Twitter operas and spudly ducklings | Weekly Roundup
- As you may have heard, Facebook acquired FriendFeed this week. What’s FriendFeed, you ask, and why does it matter? Get up to speed with this handy primer on how to use the social sharing service.
- The Royal Opera House has decided to write a new opera, with a storyline created entirely from suggestions sent in by their online community using Twitter. An interesting example of the possibilities (or perhaps the limitations; time will tell) of both Twitter as a tool and crowdsourcing as an opportunity to get people involved. Beth Kanter also shares some thoughts on the how/when/why of crowdsourcing on her blog this week.
- Wherever you’re communicating, it’s important to keep your audience’s needs and interests in mind. A post on Wild Apricot’s blog reminds that your website needs compelling content–compelling to your site visitors, that is.
- Blogs and tweets are all well and good, but they should be a balanced part of a complete communications strategy, as a post on Rally the Cause points out.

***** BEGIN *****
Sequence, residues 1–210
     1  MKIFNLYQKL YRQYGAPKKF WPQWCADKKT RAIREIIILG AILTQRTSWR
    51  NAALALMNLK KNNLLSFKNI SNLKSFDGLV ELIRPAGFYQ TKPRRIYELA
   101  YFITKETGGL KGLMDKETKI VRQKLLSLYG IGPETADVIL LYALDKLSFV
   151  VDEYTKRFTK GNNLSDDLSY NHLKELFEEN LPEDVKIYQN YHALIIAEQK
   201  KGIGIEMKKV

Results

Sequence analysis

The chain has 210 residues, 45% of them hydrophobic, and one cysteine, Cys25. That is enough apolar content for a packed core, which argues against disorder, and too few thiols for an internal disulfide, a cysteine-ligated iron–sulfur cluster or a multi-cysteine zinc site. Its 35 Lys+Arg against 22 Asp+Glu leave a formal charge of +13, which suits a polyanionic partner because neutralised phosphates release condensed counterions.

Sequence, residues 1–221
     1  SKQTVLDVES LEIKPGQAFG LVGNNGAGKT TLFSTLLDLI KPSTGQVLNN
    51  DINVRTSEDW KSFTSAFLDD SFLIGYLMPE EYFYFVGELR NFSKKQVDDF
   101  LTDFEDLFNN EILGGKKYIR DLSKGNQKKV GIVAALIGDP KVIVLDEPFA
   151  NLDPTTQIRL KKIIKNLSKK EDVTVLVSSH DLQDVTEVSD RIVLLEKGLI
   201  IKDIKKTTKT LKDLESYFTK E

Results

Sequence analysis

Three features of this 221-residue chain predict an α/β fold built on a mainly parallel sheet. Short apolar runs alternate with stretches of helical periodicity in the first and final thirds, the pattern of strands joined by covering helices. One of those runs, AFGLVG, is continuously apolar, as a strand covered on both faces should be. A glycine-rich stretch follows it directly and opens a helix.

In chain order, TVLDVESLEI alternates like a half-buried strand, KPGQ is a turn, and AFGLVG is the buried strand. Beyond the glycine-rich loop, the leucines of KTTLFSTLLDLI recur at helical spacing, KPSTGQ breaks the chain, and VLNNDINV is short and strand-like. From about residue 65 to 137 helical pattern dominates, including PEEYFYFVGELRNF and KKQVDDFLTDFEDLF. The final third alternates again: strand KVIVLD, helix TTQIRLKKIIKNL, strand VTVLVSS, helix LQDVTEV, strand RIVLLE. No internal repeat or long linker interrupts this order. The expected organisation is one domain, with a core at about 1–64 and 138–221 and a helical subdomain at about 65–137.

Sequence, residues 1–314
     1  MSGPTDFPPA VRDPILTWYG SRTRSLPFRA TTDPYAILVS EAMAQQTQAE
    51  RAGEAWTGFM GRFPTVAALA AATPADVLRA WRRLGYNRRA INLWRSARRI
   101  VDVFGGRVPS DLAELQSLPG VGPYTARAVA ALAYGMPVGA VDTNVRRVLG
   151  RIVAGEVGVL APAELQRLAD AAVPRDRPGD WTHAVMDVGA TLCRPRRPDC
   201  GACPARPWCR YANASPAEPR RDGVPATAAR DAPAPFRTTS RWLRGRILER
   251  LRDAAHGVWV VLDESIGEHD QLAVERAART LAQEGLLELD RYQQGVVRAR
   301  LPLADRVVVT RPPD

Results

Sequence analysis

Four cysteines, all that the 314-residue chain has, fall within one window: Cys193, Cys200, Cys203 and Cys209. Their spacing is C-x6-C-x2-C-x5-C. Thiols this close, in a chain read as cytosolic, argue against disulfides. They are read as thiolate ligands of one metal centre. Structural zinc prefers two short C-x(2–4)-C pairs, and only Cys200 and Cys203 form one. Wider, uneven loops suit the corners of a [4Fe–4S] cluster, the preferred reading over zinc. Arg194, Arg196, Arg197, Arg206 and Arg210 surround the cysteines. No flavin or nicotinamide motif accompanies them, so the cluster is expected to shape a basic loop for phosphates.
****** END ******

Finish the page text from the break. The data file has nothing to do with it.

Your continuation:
- Have you stopped to think about what your nonprofit is getting out of your social media outreach? eJewish Philanthropy blog poses some questions to ask yourself when trying to anticipate and measure the return your nonprofit expects from its social media investments.
- A small boy in the UK has unearthed a potato that looks just like a rubber duck! Okay, this has nothing to do with nonprofits or communications, but it’s about ducks, so I figure it’s fair game.
A weekly roundup of interesting reads from the online world of nonprofit communications. Check out my Delicious bookmarks for more noteworthy links.